The NY Times published an article today discussing the considerable problems with spent nuclear fuel in the US. They looked at the problems facing the NRC and Dept. of Energy and the lack of a final site for permanent storage of spent nuclear fuel.
The US has no central permanent storage facility, Yucca Mountain was scrapped by the Obama administration due to resistance to the plan from Nevada. The current hope by the two agencies tasked with handling the growing problem is to create some sort of smaller facilities around the US but they would need to gain local approval.
What is even more disturbing is the rather obvious problem pointed out by the NY Times. Many old reactor sites around the US have torn down the reactors taking the spent fuel pools with. These pools are used to transfer spent fuel to and from the reactor and also into any sort of storage cask. Fuel at these facilities was put into casks and left on site. These casks are not appropriate for transit so they can never be moved from that reactor site, many of which are in populated areas. The fuel is in non-transportable casks without any way to now transfer it to a new cask. These casks per statements made by the NRC in public meetings are rated for a 20 year life span.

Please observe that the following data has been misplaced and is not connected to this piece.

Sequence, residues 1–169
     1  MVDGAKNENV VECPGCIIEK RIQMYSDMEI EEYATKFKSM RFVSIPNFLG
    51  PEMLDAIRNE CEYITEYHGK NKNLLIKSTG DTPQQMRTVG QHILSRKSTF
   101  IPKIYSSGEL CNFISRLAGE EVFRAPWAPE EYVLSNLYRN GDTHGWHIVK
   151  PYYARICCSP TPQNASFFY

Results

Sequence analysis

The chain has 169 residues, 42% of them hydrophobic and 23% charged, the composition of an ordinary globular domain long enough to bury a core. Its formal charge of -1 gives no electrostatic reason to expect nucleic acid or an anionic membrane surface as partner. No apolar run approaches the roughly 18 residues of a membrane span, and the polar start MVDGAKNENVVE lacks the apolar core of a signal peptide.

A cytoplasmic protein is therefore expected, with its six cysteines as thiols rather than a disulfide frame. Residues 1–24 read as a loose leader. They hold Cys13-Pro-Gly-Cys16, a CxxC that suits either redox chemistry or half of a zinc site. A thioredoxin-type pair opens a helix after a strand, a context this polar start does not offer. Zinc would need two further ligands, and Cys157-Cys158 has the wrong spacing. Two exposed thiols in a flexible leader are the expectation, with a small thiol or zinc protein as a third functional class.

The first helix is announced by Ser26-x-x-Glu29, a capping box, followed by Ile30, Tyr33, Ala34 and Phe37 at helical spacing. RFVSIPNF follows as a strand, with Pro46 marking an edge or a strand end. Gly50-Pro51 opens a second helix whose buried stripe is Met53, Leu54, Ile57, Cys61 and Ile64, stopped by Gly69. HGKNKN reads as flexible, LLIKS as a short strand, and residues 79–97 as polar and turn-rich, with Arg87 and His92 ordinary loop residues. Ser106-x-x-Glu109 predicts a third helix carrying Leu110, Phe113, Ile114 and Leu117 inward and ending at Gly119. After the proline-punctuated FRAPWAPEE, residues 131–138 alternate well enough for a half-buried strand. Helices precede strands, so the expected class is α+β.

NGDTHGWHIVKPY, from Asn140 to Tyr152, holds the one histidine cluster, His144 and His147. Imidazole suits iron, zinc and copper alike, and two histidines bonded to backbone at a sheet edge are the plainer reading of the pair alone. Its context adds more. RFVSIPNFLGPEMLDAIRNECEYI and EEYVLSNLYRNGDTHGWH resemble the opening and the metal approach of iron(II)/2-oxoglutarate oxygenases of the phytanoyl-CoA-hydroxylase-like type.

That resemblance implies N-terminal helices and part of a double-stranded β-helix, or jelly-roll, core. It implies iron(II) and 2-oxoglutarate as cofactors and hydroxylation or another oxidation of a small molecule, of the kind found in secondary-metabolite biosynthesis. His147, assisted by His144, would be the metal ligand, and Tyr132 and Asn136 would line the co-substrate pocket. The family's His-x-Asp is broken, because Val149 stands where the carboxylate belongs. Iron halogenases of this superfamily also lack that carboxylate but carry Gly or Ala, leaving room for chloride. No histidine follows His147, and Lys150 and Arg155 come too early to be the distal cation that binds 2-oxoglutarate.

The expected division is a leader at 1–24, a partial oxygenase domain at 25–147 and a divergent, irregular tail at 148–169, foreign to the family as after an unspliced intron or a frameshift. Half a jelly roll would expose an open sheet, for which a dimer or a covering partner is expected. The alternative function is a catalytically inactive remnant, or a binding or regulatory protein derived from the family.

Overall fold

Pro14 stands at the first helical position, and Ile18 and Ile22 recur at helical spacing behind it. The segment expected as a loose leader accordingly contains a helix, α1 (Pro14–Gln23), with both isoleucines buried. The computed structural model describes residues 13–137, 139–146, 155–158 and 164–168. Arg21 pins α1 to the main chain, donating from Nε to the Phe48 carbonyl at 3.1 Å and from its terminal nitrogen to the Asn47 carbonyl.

It may not be just the older fuel in casks that are running out their life span that are the problem, newer high burnup spent fuel is being found to be degrading at a rapid rate compared to older types of fuel. This could cause issues with the fuel inside the cask and also make removing it to transfer it into a cask rated for transit extremely dangerous to impossible.
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